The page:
He and others like him imagine themselves besieged by people of other religions, atheists, secular humanists, scientists, feminists, gays, Asians, Africans, communists, socialists, gun-control proponents...

Before we laugh too loudly at the madness that erupts from fevered minds of rightwing America, Singaporeans should also know that such people can be found here too. There is a branch of Focus on the Family here. We have charismatic mega churches here. We have pastors (and letter-writers to the Straits Times) who also play fast and loose with science and who declare to their congregations their intention to change Singapore from a secular state and a multi-religious society into "a nation of righteous Christians". [6]

As a popular hymn goes,

Onward, Christian soldiers, marching as to war, 
with the cross of Jesus going on before. 
Christ, the royal Master, leads against the foe; 
forward into battle see his banners go!

© Yawning Bread 


Excerpt from Jennifer Chrisler's essay in Time magazine:

It is true that there is 30 years of research about families headed by lesbian and gay parents. However, Dobson claims that the resulting data shows that "children do best on every measure of well-being when raised by their married mother and father." To say that Dobson is misinformed here would be inaccurate. He is simply lying. The people who are misinformed by these untruths are the readers of his material and those who publish his work without appropriately verifying his assertions. The fact is that research findings on these issues overwhelmingly testify to the success of gay families as nurturing environments for children's growth and development.

In terms of specific examples, Dr. Nanette Gartrell, former Harvard Medical School faculty and current Associate Clinical Professor of Psychology at the University of California, San Francisco, has conducted research on lesbian-headed families since the early 1980s. Gartrell's findings have proven that "in social and psychological development, the children [of lesbian parents] were comparable to children raised in heterosexual families." In addition, Dr. Charlotte Patterson, Professor of Psychology as the University of Virginia and respected family and child researcher, has determined that "there is no evidence that the development of children with lesbian or gay parents is compromised in any significant respect relative to that among children of heterosexual parents in otherwise comparable circumstances."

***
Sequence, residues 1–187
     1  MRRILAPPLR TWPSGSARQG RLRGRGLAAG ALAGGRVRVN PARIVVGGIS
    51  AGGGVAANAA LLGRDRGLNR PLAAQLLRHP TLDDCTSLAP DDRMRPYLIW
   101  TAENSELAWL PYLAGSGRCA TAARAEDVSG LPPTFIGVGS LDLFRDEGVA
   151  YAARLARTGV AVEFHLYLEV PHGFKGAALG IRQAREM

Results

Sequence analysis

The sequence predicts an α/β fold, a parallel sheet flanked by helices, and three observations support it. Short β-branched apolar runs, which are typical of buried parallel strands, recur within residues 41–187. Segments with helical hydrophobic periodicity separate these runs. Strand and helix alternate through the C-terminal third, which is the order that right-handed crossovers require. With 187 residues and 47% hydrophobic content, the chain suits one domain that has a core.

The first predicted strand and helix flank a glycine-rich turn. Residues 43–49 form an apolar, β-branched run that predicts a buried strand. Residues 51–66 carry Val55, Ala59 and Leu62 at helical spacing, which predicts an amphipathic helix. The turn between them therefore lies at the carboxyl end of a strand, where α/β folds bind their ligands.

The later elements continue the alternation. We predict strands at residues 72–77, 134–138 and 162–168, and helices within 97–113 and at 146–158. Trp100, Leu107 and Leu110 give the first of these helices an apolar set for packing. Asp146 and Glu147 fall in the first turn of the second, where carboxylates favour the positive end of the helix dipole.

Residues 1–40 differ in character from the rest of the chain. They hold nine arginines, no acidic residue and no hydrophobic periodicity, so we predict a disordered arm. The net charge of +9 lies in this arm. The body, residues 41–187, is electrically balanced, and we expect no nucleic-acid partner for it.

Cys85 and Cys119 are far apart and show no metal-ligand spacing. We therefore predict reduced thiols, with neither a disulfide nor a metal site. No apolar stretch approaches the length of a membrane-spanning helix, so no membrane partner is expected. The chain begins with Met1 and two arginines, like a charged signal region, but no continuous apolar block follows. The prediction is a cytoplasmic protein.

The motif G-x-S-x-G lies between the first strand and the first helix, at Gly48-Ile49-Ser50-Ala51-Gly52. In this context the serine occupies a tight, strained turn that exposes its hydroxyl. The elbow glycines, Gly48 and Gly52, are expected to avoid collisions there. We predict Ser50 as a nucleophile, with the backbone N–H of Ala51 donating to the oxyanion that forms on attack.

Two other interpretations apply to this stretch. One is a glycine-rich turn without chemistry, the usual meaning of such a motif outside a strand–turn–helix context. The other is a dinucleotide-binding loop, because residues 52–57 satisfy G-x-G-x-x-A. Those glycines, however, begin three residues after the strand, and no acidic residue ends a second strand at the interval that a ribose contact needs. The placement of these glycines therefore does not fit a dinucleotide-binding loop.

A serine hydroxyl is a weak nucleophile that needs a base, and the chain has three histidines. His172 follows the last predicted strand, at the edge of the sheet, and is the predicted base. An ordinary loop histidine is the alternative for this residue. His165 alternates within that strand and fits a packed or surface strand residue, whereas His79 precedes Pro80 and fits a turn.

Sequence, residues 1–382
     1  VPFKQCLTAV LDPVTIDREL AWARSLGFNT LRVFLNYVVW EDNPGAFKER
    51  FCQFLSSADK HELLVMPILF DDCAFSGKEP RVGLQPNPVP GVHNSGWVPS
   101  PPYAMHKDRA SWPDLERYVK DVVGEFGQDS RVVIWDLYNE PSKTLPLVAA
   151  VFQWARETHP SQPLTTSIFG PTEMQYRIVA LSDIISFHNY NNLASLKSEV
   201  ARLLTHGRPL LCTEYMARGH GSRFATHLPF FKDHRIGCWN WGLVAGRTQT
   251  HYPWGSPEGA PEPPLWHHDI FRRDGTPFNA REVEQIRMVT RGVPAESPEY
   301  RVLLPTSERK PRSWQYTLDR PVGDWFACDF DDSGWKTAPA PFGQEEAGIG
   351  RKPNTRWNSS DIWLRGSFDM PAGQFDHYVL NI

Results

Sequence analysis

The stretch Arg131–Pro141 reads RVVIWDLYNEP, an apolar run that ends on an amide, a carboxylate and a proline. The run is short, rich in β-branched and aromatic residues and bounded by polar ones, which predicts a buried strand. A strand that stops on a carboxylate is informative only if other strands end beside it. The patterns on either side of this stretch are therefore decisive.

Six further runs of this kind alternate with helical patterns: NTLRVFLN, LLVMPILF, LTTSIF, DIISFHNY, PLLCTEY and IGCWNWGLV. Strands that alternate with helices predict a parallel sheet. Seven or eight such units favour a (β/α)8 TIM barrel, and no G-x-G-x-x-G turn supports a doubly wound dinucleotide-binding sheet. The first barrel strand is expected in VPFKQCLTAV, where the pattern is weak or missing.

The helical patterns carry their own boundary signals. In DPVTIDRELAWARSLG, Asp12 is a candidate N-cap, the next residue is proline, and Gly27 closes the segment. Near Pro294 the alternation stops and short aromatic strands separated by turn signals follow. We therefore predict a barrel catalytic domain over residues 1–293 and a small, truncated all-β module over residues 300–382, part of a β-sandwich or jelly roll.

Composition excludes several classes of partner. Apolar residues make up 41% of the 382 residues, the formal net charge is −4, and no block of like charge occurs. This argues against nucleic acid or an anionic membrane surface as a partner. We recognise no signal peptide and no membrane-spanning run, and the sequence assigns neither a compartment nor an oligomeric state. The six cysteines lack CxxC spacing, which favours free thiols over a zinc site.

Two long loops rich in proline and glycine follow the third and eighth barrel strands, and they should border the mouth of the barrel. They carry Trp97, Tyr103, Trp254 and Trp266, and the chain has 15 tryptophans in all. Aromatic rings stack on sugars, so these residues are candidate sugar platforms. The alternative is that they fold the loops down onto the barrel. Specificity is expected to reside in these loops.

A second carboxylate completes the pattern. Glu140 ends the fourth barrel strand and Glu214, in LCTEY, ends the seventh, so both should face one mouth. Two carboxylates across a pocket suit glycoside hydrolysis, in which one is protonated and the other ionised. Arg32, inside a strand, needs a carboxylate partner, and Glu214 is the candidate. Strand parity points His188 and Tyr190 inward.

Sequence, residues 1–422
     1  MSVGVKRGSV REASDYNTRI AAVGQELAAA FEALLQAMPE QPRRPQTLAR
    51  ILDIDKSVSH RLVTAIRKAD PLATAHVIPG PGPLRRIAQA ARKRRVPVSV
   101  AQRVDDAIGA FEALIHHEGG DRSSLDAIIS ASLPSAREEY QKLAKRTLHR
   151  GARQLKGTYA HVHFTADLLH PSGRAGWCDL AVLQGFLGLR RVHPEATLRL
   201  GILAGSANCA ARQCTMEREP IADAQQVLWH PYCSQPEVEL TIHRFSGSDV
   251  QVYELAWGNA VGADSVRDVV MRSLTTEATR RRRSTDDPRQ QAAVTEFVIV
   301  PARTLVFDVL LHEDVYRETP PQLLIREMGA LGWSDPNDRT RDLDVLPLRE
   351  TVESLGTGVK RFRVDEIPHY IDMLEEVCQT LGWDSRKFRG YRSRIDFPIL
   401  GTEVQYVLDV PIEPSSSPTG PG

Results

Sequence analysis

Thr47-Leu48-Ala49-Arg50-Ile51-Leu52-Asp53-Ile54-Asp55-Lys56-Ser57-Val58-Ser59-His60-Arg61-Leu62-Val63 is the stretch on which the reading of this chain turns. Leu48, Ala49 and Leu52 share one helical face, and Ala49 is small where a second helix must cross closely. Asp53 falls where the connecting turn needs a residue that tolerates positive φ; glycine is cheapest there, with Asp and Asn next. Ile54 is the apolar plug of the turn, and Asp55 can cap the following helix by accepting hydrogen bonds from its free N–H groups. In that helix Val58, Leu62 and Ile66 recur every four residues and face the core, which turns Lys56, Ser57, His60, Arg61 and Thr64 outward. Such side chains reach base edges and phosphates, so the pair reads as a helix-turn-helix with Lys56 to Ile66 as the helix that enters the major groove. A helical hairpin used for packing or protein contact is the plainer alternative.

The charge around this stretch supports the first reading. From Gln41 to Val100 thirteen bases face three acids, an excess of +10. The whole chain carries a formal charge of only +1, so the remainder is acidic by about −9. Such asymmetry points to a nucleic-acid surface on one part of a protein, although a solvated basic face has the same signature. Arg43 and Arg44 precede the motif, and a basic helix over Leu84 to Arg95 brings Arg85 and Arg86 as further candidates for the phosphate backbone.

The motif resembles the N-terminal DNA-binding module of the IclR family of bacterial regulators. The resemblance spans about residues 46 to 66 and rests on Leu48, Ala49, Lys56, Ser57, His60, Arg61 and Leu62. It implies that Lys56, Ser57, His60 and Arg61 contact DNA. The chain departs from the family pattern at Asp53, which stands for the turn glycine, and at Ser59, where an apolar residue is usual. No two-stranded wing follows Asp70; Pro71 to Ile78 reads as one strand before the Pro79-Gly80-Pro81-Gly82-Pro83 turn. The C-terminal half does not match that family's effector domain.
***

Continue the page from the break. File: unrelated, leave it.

In addition, professional organizations such as the American Academy of Pediatrics, the American Psychiatric Association and the National Association of Social Workers have all issued position statements supporting same-sex parents. The Child Welfare League of America says, "It should be recognized that sexual orientation and the capacity to nurture a child are separate issues." The American Psychological Association goes even further "Not a single study has found children to be disadvantaged in any significant respect relative to children of heterosexual parents. Indeed, the evidence to date suggests that home environments provided by gay and lesbian parents are as likely as those provided by heterosexual parents to support and enable children's psycho-social growth. Gay and lesbian parents are as likely as heterosexual parents to provide healthy and supportive environments for their children."



  1. Time magazine, US edition, 12 Dec 2006, Two Mommies Is One Too Many
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  2. See http://truthwinsout.org/news/?p=45   
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  3. See the article Here's proof that homosexuals can change!  
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  4. Time magazine, 14 December 2006, Two Mommies or Two Daddies Will Do Fine, Thanks  
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  5. I would also draw your attention to the article New Jersey court orders legislature to provide for same-sex unions. I mentioned there that the Supreme Court of New Jersey had heard similar claims about the unique suitability of heterosexual parents in raising children, but were more convinced by the scientific literature presented before the court showing no difference between same-sex and opposite-sex parenting couples.
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  6. See the article COOS pastor wants a nation of righteous Christians